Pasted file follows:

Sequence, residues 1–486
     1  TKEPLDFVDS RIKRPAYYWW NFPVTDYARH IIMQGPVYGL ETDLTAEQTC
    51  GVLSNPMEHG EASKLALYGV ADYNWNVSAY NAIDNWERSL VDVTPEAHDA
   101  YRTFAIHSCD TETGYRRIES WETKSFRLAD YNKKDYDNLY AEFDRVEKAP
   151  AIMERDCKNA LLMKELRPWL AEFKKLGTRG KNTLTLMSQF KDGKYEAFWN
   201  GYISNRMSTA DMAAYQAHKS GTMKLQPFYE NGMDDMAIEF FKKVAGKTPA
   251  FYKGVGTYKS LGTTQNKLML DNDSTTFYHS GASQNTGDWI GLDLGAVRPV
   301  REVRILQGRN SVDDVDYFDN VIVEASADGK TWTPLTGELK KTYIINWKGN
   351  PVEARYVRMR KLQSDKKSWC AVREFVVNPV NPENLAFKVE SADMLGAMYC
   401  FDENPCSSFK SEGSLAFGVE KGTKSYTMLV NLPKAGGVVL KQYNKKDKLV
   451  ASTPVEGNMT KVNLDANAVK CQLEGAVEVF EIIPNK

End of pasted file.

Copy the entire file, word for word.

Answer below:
Sequence, residues 1–486
     1  TKEPLDFVDS RIKRPAYYWW NFPVTDYARH IIMQGPVYGL ETDLTAEQTC
    51  GVLSNPMEHG EASKLALYGV ADYNWNVSAY NAIDNWERSL VDVTPEAHDA
   101  YRTFAIHSCD TETGYRRIES WETKSFRLAD YNKKDYDNLY AEFDRVEKAP
   151  AIMERDCKNA LLMKELRPWL AEFKKLGTRG KNTLTLMSQF KDGKYEAFWN
   201  GYISNRMSTA DMAAYQAHKS GTMKLQPFYE NGMDDMAIEF FKKVAGKTPA
   251  FYKGVGTYKS LGTTQNKLML DNDSTTFYHS GASQNTGDWI GLDLGAVRPV
   301  REVRILQGRN SVDDVDYFDN VIVEASADGK TWTPLTGELK KTYIINWKGN
   351  PVEARYVRMR KLQSDKKSWC AVREFVVNPV NPENLAFKVE SADMLGAMYC
   401  FDENPCSSFK SEGSLAFGVE KGTKSYTMLV NLPKAGGVVL KQYNKKDKLV
   451  ASTPVEGNMT KVNLDANAVK CQLEGAVEVF EIIPNK